All posts by Thomas Burke

ARSENAL INTO FINAL AFTER PENALTY SHOOTOUT

   1                   {2 – 4 penalties}               1

Is the drought of trophy success that has plagued Arsene Wenger and his team since 2005 about to be sated?  This likelihood became a distinct possibility after a tense encounter at Wembley yesterday when Arsenal had to raise their recent lack lustre form to overcome their championship opponents.

Resilient Wigan proved why they were creditable contenders in the FA Cup semi final when they forced yet another premiership team to battle for all of 120 minutes before succumbing to a succession of excellent taken penalties by the Gunners assisted by their outstanding second choice keeper.

It was an anxious, and for the most part, uneventful first half for both teams with Arsenal having the best of a limited number of chances.  The best chance of the half fell to Yaya Sanogo after 5 minutes with a header from close range to force a great reflex save from Scott Carson in the Wigan goal.

The face of Latics manager Uwe Rosler was its impassive self as he entered the tunnel at half time but inwardly he must have been very pleased with his team’s first half performance.  The strain on Arsene Wenger’s face on the hand was palpable.

The game took a dramatic turn in the 58th minute when Mertesacker brought down McManaman in the box and Gomez converted from the spot.  Arsenal, as if suddenly woken from a slumber launched waves of attacks and were rewarded in the 82nd minute when Mertesacker deftly headed in from close range.

The game finished level forcing extra time.

The highlight of extra time was a thunderous shot against the angle of the Wigan post by Oxlade Chamberlain.  The game ended all square and Wigan were first to step up to the penalty spot.

Wigan substitute Caldwell’s effort was brilliantly saved by Fabianski.

Arteta shoots and makes no mistake – 1 – 0 Arsenal.

Collison shoots but again Fabianski dives to his left to save.

Arsenal substitute Kallstrom sends Carson the wrong way – 2 – 0 Arsenal.

Beausejour finally scores for Wigan – 2 – 1 Arsenal.

Giroud shoots right – Carson goes left – 3 – 1 Arsenal.

McArthur keeps Wigan’s hopes alive – 3 – 2 Arsenal.

Cazorla puts Arsenal into the FA Cup final – 4 – 2 Arsenal.

Arsenal are now one game away from finally winning some silverware for their trophy cabinet that has maintained its status quo for nine years and which, consequently, has had no additions since Arsenal moved to the Emirates Stadium in 2006.  Success on the 17th May next against Hull or Sheffield United could however force the custodian of the Arsenal trophy cabinet to finally open it.

Alfred Lansing’s “Endurance” – a factual portrayal of man’s will to survive.

A Book Review by Thomas Burke                

EnduranceWhen people ask, “What’s your favourite film?” or “What’s your favourite band?” invariably the response involves a list rather than a definitive answer.

However, ask me “What’s your favourite book?” and I will immediately answer “Endurance” simply because it is the most riveting, suspenseful and enthralling book I have ever had the pleasure to read.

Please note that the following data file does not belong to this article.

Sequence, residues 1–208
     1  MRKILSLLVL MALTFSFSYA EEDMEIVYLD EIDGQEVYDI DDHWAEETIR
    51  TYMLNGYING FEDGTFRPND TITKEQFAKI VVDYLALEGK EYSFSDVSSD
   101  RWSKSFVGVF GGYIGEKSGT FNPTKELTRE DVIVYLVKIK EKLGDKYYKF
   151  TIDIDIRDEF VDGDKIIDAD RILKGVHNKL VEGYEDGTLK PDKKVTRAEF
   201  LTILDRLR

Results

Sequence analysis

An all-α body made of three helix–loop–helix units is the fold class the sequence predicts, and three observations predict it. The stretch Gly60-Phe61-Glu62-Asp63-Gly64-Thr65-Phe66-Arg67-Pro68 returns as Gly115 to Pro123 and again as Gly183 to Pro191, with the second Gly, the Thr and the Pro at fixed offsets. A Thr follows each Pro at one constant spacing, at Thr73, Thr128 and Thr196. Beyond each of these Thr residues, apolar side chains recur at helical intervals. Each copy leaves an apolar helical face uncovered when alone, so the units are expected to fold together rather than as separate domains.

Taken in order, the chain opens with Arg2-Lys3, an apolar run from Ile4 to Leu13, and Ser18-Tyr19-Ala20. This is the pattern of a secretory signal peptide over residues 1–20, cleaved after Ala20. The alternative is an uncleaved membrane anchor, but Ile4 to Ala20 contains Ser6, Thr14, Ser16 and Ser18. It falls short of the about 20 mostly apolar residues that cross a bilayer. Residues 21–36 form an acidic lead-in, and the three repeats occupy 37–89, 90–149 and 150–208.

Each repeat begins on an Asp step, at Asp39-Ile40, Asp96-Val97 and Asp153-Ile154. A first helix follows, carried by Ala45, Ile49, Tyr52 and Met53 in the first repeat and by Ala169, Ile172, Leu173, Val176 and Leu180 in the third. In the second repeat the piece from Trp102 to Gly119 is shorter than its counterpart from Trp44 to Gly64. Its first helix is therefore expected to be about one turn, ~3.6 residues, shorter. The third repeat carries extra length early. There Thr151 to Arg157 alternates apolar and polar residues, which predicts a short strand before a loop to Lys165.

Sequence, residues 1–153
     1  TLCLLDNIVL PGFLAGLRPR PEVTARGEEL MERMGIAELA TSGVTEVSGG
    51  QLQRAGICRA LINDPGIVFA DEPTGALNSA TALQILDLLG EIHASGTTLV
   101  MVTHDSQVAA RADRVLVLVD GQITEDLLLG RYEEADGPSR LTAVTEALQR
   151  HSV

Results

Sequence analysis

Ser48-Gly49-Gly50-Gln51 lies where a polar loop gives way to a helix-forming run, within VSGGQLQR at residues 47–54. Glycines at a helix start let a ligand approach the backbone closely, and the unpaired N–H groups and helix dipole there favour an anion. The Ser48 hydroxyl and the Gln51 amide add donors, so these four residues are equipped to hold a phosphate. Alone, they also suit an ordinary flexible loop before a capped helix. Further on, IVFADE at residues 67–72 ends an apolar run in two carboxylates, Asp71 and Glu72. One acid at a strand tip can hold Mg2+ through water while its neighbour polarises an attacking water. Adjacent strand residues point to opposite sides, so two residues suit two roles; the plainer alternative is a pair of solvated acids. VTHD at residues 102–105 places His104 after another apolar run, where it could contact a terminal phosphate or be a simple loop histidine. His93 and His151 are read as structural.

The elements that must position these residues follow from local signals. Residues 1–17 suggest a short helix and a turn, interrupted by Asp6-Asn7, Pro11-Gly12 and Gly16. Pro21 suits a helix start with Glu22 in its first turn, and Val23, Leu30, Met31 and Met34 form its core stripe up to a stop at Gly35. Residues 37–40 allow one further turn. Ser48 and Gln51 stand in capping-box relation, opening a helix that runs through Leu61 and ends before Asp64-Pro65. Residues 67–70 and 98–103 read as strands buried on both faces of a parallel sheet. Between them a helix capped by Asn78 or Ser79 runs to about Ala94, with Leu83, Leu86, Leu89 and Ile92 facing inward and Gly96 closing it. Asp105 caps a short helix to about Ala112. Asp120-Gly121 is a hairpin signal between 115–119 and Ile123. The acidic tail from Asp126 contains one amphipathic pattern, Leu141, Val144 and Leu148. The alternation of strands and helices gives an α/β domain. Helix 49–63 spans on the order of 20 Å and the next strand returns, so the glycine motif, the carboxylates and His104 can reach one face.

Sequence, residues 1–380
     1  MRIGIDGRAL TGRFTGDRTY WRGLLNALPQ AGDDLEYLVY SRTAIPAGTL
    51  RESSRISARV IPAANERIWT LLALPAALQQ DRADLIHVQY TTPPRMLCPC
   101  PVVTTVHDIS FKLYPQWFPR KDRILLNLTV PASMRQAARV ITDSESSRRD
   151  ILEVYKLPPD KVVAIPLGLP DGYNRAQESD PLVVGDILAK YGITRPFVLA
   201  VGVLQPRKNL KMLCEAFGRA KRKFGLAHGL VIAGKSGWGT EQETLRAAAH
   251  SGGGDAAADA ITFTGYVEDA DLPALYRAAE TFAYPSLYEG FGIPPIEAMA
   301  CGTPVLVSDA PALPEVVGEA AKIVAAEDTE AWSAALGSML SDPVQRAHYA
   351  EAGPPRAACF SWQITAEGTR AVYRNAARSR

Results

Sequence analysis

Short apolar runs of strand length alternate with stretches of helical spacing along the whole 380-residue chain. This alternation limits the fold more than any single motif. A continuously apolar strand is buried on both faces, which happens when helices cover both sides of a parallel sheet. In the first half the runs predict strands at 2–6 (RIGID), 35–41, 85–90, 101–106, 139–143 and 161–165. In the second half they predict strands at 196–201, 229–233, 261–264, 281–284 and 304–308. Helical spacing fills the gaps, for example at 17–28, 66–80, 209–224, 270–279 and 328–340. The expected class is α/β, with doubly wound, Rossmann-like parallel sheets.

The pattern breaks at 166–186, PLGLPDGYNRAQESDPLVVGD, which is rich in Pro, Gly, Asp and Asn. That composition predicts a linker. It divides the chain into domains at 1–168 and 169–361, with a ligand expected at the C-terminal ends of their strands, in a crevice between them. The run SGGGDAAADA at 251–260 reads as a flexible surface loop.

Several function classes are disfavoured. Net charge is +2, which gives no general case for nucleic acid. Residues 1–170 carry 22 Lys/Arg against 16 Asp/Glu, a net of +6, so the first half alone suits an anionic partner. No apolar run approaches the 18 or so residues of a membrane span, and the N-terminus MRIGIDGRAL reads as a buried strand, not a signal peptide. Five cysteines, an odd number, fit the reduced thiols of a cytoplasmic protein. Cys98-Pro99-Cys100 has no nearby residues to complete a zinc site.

Endurance” written by Alfred Lansing is the true, astonishing account of a marathon voyage of exploration to the Antarctic led by Sir Ernest Shackleton.  It is a factual account based on the extraordinary diary entries which the crew maintained under some of the most incredible, extreme and inhospitable conditions ever endured by man.  It is based on Shackleton’s attempt to become the first person to lead an expedition across the continent of Antarctica.

It was his third such voyage.  In 1901, he was a member of Robert Scott’s expedition that got within 745 miles of the, yet to be discovered, South Pole.  He led his own expedition in 1907 but was forced to abandon his attempt when just an agonising 97 miles short of his objective.  In 1911, Norwegian Roald Amundsen became the first man to reach the South Pole.

Undeterred, Shackleton purchased a Norwegian built ship named the “Polaris” and re-christened it the “Endurance” in keeping with the Shackleton family motto “Fortitudine vincimus” meaning “by endurance we conquer” a term that was to prove prophetic.

The ship set sail from London’s East India docks on the 1st August 1914 with a crew of 27 men including the inimitable Tom Crean.  Each crewmember was handpicked and among them were a navigator, two engineers, two surgeons, a geologist, a biologist, a physicist and a photographer.

The ship was specifically built for arctic sea conditions.  Her keel comprised of four overlaid slabs of solid oak measuring 7 feet in depth and her sides varied in thickness from 18 inches to 2.5 feet.  Despite this, the ice flow that was to engulf the ship in the Antarctic’s Weddell Sea in January 1915 gradually crushed the ship causing the mighty timbers to bend and groan until the relentless pressure eventually caused them to snap like twigs.

Shackleton and his crew were left stranded on the moving ice pack with no hope of rescue.  What followed became an epic journey of resilience, adaptability and supreme heroism.

If you only read one book this year then read “Endurance” – you will not regret it. 

Available in all good book shops.  RRP £9.99

Published
04/05/2000

Publisher
Phoenix (an Imprint of The Orion Publishing Group Ltd)